But he [the older brother] was angry and refused to go in. His father came out and entreated him, but he answered his father, 'Look, these many years I have served you, and I never disobeyed your command, yet you never gave me a young goat, that I might celebrate with my friends. But when this son of yours came, who has devoured your property with prostitutes, you killed the fattened calf for him!' And he said to him, 'Son, you are always with me, and all that is mine is yours. It was fitting to celebrate and be glad, for this your brother was dead, and is alive; he was lost, and is found.'" (Luke 15:28-32 ESV) Tim Keller has rightly noted that there are two lost sons in this parable, and the saddest sight is the outwardly-obedient older brother who cannot stand to see his younger brother received again by his father, presumably because he feels his inheritance may be at stake.  He is resentful for any expenditure that he himself does not receive.  Neithe


Kintsugi and kintsugori are Japanese techniques of restoring pottery and ceramic in such a way that the break and repair are seen as beautiful.   Using epoxy and gold dust (or silver dust) the fracture is repaired but not hidden.  Rather the restoration is highlighted in beauty and value.  Henri Nouwen writes, "The great mystery of God’s love is that we are not asked to live as if we are not hurting, as if we are not broken. In  fact, we are invited to recognize our brokenness as a brokenness in which we can come in touch with the unique way that  God loves us. The great invitation is to live your brokenness under the blessing. I cannot take people’s brokenness away  and people cannot take my brokenness away.  But how do you live in your brokenness? Do you live your brokenness under the  blessing or under the curse? The great call of Jesus is to put your brokenness under the blessing."   "But we have this treasure in jars of clay, to show that th

this is just so beautiful

three questions x 2

Three questions to ask when studying a passage of Scripture: 1) What did it mean to them   at that time ? (historical, linguistic, contextual backgrounds) 2) What does it mean for all time ? (doctrine, place in the history of redemption) 3) What does it mean to us now ? (application, faith, worship, obedience, etc.) Three questions to address when preaching that passage : 1) What does it mean ? (state and explain the principle) 2) What does it look like ? (illustrate) 3) What do I do with it ? (apply)


four kinds of causes

Some atheists maintain that everything we see in the universe can be explained solely by natural causes.   Oxford mathematician John Lennox makes an important point:  "Physical laws cannot create anything. They are a description of what normally happens under certain given conditions."   In other words, what is called an explanation  may actually only be a description .  A material process may be described but not be fully explained, unless all kinds (or levels) of causation are considered.  Lennox writes,   Millennia ago Aristotle thought a great deal about these issues.  He spoke about four different “causes” that we can, perhaps, reasonably translate informally as “levels of explanation”. Thinking of the jet engine, first there is the material cause – the raw material out of which the engine is crafted; then there is the formal cause – the concept, plan, theory, and blueprint that Sir Frank Whittle conceived and to which he worked. Next there is the efficient caus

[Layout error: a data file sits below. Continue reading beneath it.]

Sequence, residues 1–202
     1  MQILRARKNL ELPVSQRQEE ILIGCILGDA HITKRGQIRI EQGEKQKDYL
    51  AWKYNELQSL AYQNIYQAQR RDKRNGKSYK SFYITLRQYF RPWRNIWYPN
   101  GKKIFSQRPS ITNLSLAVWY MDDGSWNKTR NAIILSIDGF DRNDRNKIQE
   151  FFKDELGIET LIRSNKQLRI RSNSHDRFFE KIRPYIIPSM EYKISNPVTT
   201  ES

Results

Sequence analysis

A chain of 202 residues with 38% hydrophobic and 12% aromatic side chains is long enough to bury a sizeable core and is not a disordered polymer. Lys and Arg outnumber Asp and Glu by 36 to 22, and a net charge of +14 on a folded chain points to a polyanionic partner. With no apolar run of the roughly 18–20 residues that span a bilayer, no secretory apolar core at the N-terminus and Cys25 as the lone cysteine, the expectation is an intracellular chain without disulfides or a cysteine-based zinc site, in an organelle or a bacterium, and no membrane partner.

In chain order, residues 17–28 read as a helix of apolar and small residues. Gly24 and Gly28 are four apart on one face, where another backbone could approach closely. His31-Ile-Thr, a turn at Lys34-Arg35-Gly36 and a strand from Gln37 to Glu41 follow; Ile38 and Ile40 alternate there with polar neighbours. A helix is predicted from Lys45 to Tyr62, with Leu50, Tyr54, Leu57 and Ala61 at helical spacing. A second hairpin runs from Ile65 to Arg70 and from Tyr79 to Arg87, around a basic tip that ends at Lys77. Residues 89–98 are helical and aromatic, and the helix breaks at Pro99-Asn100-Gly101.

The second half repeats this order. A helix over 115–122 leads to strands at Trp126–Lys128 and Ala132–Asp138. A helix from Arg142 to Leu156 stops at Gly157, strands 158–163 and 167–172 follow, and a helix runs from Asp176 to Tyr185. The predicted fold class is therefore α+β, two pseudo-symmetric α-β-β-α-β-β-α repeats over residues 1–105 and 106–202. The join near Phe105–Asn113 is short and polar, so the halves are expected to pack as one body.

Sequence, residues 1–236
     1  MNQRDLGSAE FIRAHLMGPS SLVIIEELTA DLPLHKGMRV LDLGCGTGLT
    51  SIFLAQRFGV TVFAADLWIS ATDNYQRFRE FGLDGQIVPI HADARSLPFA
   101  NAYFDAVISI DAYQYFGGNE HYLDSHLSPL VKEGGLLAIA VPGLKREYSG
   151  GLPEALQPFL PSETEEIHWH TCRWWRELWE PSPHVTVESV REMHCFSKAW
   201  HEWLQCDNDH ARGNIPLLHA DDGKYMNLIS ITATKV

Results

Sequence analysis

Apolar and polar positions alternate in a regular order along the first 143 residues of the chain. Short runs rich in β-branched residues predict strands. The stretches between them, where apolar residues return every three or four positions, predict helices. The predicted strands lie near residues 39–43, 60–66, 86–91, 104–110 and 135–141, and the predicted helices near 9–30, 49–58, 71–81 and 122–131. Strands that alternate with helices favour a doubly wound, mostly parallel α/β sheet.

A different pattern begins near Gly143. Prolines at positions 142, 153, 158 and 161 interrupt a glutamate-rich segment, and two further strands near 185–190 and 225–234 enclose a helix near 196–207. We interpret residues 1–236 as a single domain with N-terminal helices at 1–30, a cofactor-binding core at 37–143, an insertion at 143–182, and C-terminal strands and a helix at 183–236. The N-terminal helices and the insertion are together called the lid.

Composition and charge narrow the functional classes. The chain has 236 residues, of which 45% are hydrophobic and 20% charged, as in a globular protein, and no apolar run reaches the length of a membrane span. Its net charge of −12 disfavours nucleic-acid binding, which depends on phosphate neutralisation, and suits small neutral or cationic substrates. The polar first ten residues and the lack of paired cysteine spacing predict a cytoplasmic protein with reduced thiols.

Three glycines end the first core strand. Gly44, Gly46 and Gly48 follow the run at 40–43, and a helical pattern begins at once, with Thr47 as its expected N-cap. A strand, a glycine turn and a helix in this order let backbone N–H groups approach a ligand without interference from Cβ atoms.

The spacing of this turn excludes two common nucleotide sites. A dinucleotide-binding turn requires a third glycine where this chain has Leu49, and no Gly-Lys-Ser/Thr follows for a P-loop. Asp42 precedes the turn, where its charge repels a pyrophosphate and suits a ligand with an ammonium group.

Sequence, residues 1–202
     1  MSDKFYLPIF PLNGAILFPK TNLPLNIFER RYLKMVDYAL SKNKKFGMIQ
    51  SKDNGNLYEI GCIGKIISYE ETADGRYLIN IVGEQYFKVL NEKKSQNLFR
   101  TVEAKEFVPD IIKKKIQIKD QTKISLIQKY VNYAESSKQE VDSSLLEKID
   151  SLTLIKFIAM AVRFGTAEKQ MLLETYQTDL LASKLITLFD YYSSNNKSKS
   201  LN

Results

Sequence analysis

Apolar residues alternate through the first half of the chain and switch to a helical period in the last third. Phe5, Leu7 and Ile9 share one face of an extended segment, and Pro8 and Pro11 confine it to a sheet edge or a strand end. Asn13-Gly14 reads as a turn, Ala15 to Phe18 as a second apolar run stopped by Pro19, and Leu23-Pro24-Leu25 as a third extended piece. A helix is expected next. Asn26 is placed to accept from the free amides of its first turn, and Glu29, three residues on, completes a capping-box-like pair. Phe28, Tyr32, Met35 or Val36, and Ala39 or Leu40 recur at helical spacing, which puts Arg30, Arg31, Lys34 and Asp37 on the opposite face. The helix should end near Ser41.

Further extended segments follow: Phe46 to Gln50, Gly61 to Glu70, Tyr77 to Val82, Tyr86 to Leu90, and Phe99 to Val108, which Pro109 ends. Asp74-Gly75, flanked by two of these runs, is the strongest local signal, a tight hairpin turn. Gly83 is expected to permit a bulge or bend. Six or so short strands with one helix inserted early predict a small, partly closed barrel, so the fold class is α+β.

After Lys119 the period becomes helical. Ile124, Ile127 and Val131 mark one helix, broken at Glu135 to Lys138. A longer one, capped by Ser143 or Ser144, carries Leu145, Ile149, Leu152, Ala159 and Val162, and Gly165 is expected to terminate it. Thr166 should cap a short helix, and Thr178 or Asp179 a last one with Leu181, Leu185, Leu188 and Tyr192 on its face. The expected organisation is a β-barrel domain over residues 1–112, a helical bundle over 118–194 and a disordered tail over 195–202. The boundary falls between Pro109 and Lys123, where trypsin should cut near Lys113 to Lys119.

top ten +1

Here are the best books I read in 2012, being my own top-ten list (well, 11 to be exact), in no particular order... Delighting in the Trinity: An Introduction to the Christian Faith , by Michael Reeves. This is fresh, devotional, easy-to- read-and-grasp, but very profound.  It will change the way you think about the Christian life. Canon Revisited: Establishing the Origins and Authority of the New Testament Books , by Michael J. Kruger.  An top-notch academic work and a new landmark in understanding how we go about knowing what writings came authoritatively from God. Lit!: A Christian Guide to Reading Books , by Tony Reinke.  This is a needed and very readable book, about... well, how to  read and what to read. The Unquenchable Flame: Discovering the Heart of the Reformation, by Michael Reeves. Brief but excellent introduction to the  Protestant Reformation.   Excerpt : "The Reformation was not, principally, a negative movement, about moving away from Rome; it  was a

dangerous calling

Below are some highlights from my reading in Paul Tripp's Dangerous Calling (about the dangers of being in ministry, specifically pastoral)... You are most loving, patient, kind, and gracious when you are aware that there is no truth that you could give to another that you don’t desperately need yourself. You are most humble and gentle when you think that the person you are ministering to is more like you than unlike you. I had let my ministry become something that it should never be (my identity); I looked to it to give me what it never could (my inner sense of well-being). There is a huge difference between knowledge and wisdom.  Knowledge is an accurate understanding of truth. Wisdom is understanding and living in light of how that truth applies to the situations and relationships of your daily life. Knowledge is an exercise of your brain. Wisdom is the commitment of your heart that leads to transformation of your life. Do you see yourself as a minister of grace in n